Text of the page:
My mom’s Dominican and she loved collecting jewelry from Egypt; when I was younger she gave me a bunch of gold, but I felt that it really wasn’t my style and it wasn’t modern enough. Then when I tried to buy jewelry from other designers, I found it hard to find pieces that I fit my edgier personal style, so I started designing pieces that I wanted to wear. So that’s kind of how it started – I couldn’t find what I wanted so I created it. I wanted beautiful jewelry that was edgy. A lot of the fine jewelry out there is kind of all the same, very simple and minimalistic and I’m like anti-minimalism, so I wanted something luxurious and extravagant and made from high-end materials instead of costume jewelry.
What kind of materials do you use?
I use gold, silver and gold-plated silver and also occasionally platinum, but that’s usually for the bridal pieces. Everything I make uses really high-quality materials because I care about what I put on my skin.
Have you always been an artist?
Yes; I’ve always made things. I grew up making my own clothes because I didn’t want to wear the same clothes that everyone had, so I’d make my own. I cut hair, I made paintings and illustrations and sculptures, and I went to art school, and then I ended up working in advertising. In college I studied communications design, so I learned a little bit of everything like graphic design, typography, sculpture, and architecture, all of which I use a lot in my career and in making jewelry. I’ve always had a passion for jewelry but I never really thought about making it until I met that girl at work, where she told me she made her own pieces. I was making clothing then, not jewelry. But I don’t really like sewing, and I love making jewelry, so I found it very relaxing to sit behind the bench and sculpt something out of wax or go to the jewelry studio and hammer a piece of metal for days. I found it was like meditating for me.
How did you get the confidence to break out as a jeweler with a different point of view?
I just did it for fun; I did it for myself. I have a professional background in graphic design, but with jewelry, it was more for fun. At first it was just a creative outlet for me, I didn’t really design for anybody else, and then people really liked it, and they liked how unique it was. That’s when I decided to go with it, you know, to trust my instinct and go edgy.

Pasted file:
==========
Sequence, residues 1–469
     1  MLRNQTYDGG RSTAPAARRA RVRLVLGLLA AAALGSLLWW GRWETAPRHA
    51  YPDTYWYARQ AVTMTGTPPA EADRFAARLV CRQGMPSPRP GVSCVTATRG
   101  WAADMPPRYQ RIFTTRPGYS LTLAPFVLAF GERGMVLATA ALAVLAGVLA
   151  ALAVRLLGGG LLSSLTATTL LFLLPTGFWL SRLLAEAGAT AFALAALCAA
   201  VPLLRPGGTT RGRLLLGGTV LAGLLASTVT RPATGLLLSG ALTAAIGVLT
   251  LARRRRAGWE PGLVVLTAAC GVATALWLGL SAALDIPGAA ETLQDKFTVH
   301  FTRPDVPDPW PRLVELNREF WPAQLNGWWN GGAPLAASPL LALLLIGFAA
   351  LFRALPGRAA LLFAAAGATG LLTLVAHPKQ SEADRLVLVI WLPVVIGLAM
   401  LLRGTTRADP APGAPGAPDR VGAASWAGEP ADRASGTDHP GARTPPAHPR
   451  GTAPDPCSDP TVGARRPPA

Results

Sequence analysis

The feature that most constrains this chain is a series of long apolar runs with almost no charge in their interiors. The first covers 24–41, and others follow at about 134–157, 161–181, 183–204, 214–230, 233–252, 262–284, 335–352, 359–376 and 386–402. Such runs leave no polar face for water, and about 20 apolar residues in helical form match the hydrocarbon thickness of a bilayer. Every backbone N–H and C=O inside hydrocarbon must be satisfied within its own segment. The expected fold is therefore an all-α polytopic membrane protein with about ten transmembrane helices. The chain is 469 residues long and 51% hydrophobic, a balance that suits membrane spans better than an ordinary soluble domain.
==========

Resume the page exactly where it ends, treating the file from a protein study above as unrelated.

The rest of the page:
Can you describe how business was from your start in 2013 compared to where it's at today?
Well, it was more of a side project – like a hobby- when I started; a lot of trial and error and a lot of word of mouth. Even making contact with manufacturers and suppliers was a lot of trial and error. The jewelry industry is ancient so you can’t find things easily on Google; a lot of things require meeting people and asking questions. It took me a few years to find the people that I work with now, and in terms of business, I guess it’s still growing. I’m doing more custom jewelry now, which is really interesting and fun for me. I’m focusing more on custom bridal jewelry these days too, and I love that because I get to create something very personal for someone – truly one-of-a-kind pieces for ceremonies and weddings. It’s great to work with clients one-on-one, and it’s cool to do both: I can design for my brand, but I can also design specialty pieces.
Does creating wedding jewelry - which is classically very white and clean - offer a challenge since it contrasts with your usual edgy style?
It’s sometimes a contrast, but usually the people that contact me are looking for something different. They don’t want the same solitaire ring that everyone has – I mean, those are fine, and just as beautiful – but they want something unique. I love collecting estate jewelry and a lot of those pieces were made by family jewelers that created something custom for them, so they’re not mass produced. They’re specific styles for a specific person, sometimes with unique engravings inside, so for me it’s nice to continue the tradition of creating pieces that don’t exist for people – it’s special.
Tell me about the kind of woman who wears Diaboli Kill.
They’re all very different. I have a lot of men who wear my pieces too. The women that wear my pieces are very confident, it doesn’t matter what they look like, they’re comfortable with themselves, and they feel sexy and seductive. They know what they like and they have a very powerful personality. But I have to say again that they’re all very different; I can’t say that any of my clients are the same. These aren’t people who want to feel safe by wearing the same thing that everybody else does; they want to make a statement. They’re not all like me though, they’re different ages and from all across the world.